By Emma Cheape

IT'S 'grown up' to be one of the best known Shetland pony studs in the UK, but it has emerged from some tentative beginnings.

At the age of 10, Elinor Bosanquet started driving Shetland ponies with family friend, and one of the UK’s top Shetland pony breeders and owner of Clothie Shetland pony stud, the late Marie Brooker.

"I had helped Marie with the Clothie Shetland pony stud since I was young, but for the last 18 years I had been running the stud alongside Marie and her grand-daughter, until I took it over after she passed away," explained Elinor.

Working full time in a demanding job doesn’t leave much spare time for her, so she has kept the Aberdeenshire-based stud very small. "At the moment, we have 16 Shetlands and are only breeding with two mares," Elinor explained, however the breeding and ponies that are being produced are highly sought after.

Perhaps the best-known of which is the mascot for the Regiment of Scotland, Corporal Cruachan IV – originally known as Clothie Nyggle. He's sired by Kinkell Elevator, a stallion which left his mark on the Clothie stud. "He has brought up the size of the ponies, which I was wanting due to us competing against horses," explained Elinor.

"The 17-year-old Elevator has now been partially replaced in our breeding programme by loan stallion, Annwood Herodotus, as he was related to too many of the females. However, he has been retained due to his fantastic temperament and for being a driving schoolmaster. He is also the sire of Clothie Black Label, one of the ponies in our driving team.

"Ideally, stallions are changed at the stud every four years to prevent ponies being bred that are too closely related. In a stallion, I look for an exceptional temperament as well as good movement, trueness to type and size together with quality," explained Elinor.

Clothie breeding doesn't just remain at home and mares and stallions have gone as far and wide as Norway, Germany, Jordan, America, New Zealand and Australia – with Clothie Zoebell, for instance, winning at the prestigious Royal Melbourne Show. The stallion, Clothie Barron, was exported to Denmark, however his progeny – Clothie Night Idiot and Clothie Humbell – have been retained and are part of the driving team. They have represented the stud in the Shetland Pony Grand National at Olympia numerus times between them alongside some of his female progeny have also being retained for breeding.

"I am breeding ponies for riding and driving, and aiming to breed ponies true to type, measuring in at between 40 to 42-inches with good movement and temperament," Elinor went explained. "A good temperament is most important as the ponies will be working with children, so safety is a key factor. The ponies also have to want to do their jobs, or it’s no fun for the rider or driver."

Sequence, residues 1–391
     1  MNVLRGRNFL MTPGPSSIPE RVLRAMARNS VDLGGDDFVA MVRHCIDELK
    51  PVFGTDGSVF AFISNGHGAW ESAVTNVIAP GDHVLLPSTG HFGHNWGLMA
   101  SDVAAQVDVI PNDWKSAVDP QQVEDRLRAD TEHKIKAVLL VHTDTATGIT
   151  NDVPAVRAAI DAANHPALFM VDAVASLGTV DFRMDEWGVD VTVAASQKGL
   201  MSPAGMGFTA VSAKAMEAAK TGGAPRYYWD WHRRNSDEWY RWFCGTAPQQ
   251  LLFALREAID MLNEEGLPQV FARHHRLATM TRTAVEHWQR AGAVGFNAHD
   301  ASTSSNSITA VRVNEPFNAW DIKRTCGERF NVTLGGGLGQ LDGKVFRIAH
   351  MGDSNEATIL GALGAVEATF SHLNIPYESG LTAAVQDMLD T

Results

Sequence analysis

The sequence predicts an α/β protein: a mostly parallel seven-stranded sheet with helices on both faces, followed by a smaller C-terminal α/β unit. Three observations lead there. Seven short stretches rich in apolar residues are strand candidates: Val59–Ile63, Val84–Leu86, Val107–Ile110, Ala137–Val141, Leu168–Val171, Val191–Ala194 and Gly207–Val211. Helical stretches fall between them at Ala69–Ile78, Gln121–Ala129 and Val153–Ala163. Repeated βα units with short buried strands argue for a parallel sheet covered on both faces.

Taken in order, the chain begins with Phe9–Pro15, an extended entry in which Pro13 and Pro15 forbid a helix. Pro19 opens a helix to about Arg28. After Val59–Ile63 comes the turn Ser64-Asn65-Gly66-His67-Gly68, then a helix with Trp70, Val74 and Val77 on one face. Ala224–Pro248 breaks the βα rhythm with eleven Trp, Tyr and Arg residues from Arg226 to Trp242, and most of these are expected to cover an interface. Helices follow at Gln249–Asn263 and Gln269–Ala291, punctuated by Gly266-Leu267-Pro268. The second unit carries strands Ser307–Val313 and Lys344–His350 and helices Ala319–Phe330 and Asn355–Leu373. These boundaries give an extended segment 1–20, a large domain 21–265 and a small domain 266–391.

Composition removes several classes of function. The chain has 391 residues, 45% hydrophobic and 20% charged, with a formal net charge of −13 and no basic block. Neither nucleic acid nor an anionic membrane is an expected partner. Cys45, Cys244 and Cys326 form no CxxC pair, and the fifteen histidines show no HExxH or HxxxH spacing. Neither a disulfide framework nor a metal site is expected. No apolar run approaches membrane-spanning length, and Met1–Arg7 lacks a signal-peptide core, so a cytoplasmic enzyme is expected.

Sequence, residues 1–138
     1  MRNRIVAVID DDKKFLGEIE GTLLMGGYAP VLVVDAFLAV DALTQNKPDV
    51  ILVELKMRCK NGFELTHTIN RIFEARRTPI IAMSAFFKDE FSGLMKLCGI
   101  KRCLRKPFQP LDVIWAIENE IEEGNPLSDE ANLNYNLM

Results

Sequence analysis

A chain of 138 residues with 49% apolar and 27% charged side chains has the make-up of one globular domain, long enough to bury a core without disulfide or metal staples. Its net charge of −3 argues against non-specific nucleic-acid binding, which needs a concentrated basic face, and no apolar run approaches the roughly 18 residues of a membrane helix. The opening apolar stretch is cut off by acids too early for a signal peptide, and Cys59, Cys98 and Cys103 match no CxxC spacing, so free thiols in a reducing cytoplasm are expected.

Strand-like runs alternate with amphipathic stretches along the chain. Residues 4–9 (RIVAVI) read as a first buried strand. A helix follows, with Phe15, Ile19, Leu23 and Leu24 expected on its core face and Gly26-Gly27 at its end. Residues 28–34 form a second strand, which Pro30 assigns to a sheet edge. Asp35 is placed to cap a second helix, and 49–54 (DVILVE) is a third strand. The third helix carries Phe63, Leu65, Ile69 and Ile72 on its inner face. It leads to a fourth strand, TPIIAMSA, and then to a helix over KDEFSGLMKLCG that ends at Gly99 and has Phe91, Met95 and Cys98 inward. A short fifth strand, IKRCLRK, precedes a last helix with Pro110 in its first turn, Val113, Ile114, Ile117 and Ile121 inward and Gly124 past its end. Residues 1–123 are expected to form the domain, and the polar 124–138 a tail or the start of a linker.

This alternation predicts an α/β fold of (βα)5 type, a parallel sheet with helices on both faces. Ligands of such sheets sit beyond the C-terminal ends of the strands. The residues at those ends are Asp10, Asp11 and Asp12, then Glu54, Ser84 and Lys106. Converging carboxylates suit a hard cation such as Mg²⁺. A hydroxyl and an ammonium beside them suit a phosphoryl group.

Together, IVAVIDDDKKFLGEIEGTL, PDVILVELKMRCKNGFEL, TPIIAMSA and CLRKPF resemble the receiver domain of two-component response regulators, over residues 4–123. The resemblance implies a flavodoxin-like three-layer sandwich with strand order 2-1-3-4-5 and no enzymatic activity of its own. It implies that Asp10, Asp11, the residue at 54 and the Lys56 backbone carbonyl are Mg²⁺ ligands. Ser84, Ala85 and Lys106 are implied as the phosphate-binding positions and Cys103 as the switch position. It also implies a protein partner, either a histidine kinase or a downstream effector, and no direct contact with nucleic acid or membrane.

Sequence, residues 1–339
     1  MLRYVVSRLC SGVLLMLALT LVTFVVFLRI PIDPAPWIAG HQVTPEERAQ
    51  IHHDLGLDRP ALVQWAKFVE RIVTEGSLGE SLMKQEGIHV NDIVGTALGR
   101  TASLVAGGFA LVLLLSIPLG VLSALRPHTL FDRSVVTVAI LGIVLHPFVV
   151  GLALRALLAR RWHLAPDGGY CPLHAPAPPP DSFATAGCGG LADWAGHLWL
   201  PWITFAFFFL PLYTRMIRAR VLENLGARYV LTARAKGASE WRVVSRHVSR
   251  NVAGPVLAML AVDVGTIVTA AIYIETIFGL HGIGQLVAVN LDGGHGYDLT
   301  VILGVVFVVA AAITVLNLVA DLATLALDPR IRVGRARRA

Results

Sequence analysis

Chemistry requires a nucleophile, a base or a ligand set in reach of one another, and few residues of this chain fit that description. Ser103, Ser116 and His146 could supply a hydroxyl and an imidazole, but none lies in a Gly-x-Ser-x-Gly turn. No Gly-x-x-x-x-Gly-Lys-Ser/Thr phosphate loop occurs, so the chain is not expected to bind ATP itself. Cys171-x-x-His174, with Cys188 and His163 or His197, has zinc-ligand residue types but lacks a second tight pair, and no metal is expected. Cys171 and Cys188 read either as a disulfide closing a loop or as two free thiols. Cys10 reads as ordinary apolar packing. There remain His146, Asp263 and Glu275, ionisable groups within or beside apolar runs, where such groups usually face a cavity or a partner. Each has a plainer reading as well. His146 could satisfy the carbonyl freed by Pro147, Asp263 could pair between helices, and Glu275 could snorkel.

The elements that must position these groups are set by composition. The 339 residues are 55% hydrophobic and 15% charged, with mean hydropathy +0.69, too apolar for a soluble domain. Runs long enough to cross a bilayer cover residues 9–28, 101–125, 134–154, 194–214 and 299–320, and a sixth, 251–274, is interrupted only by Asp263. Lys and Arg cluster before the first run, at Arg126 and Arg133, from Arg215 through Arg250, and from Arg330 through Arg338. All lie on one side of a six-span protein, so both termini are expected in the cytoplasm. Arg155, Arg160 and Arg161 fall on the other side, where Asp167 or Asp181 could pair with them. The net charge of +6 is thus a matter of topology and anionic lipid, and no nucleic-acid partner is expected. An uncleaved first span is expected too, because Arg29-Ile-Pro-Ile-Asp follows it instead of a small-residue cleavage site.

In driving terms, Elinor has competed over the years in singles, pairs, teams, tandems, a unicorn, random and a six in hand, with many successes in the driven circuit such as driven champion at the Shetland pony breed show in 2017 and winning the Shetland pony driven award scheme at the Shetland pony stud book awards.

She has also had numerous successes with the ponies in their ridden careers having had them at Olympia, in the London International Horse Show since 1998 as regular competitors in the Shetland Pony Grand National, with the tally standing at Clothie Night Idiot competing four times, Clothie Flyn three times, and Clothie Humbell twice. In 2008, the 30-year-old Clothie Uriebell retire at Olympia after racing there seven times.

As the only home-bred and home-trained Shetland driving team in the UK, Elinor’s team consists of Clothie Night Idiot, his brother Clothie Humbell, Clothie Flyn and Clothie Black Label, with the aim of adding two more ponies, Clothie Kingfisher and Clothie Troubell, to put a six-in-hand team of ponies together.

This year sees the Shetland Pony Breed Show return for the second time to the Shetland Isles and Elinor plans to drive her random there – which is a group of three ponies one in front of the other, alongside a pair of ponies. She will also be driving the length of the Shetland Mainland and two of the islands, Unst and Yell, to retrace the steps of the ponies ancestors. The trip will be done over five days.

Along with working full time and running and managing the stud, Elinor also provides time for some of the local children to come and work with and learn about the ponies and give them the same opportunities that she received from Marie Brooker. She explained: ‘They come here to learn all aspects of horsemanship from mucking out, grooming to learning to ride and drive. I have 10 kids here at the moment and many of the older kids that have moved on still come back to visit the ponies.

"I think Shetlands make such fantastic ride and drive ponies because of their versatility, athleticism and determination. I wouldn’t be without the them now ... you just can’t beat them.

"They have a great attitude to life, they love working for you and would do so until they drop. They are also highly intelligent and will do everything in their power to please us," Elinor concluded.